The study also claims to have used a mathematical model to look at how sharp the outlines of objects in Monet’s and Turner’s pictures were in relation to their backgrounds. Less contrast, they decided, meant hazier conditions. Increased use of white hues, they also decided, indicated greater intensity of haze (and therefore pollution).
But who says whiter hues indicate more intense haze? How do we know they don’t indicate a desire to brighten up pictures — to get away from the “brown sauce school” that the new painters who revered Édouard Manet were so keen to leave behind? Increased light, after all, is a hallmark of Impressionism.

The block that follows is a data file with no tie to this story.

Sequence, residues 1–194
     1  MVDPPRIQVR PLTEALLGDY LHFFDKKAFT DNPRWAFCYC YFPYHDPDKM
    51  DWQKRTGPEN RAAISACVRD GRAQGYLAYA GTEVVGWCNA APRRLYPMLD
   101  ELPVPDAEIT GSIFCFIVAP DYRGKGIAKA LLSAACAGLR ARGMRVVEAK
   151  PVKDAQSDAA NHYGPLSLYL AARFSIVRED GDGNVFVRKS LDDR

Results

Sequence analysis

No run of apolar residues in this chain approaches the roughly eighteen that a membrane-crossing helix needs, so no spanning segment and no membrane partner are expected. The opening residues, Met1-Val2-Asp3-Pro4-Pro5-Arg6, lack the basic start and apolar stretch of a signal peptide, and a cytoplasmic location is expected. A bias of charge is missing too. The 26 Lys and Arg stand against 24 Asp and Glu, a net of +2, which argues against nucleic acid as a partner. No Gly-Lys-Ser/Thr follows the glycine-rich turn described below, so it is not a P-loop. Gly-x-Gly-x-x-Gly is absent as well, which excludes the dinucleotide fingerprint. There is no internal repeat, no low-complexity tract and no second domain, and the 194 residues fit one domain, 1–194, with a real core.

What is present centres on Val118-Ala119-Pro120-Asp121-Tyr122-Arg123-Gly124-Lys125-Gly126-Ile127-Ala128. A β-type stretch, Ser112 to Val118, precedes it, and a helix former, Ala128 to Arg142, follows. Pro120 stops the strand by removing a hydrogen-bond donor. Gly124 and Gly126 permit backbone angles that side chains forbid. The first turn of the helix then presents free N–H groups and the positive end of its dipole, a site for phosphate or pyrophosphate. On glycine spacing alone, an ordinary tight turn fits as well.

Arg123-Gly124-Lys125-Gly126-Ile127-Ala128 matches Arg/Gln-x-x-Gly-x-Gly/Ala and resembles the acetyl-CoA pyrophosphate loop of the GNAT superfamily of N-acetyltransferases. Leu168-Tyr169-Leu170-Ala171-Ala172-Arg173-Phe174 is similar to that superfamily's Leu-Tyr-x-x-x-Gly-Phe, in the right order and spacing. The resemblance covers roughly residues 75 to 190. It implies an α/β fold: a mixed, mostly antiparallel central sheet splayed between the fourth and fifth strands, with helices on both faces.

Likewise, air pollution may be one cause of fewer sharp outlines in certain Monet paintings. But more likely causes for the general changes in his style can be found by looking to art history, which, if you’re a serious painter, is as palpable and present as the air around you.
Monet wasn’t a recording machine. He was a painter emerging from a long tradition. At the heart of that tradition, going right back to the Renaissance, was a debate about the relative merits of line and color. Should drawing and composition be the foundation of great painting, as the artists of the Florentine Renaissance argued, or should the colored pigments of paint be prioritized? The artists of the Northern Renaissance had shown that oil paint, abetted by colored glazes and varnish, had an almost miraculous ability to create realistic atmospheres and textures.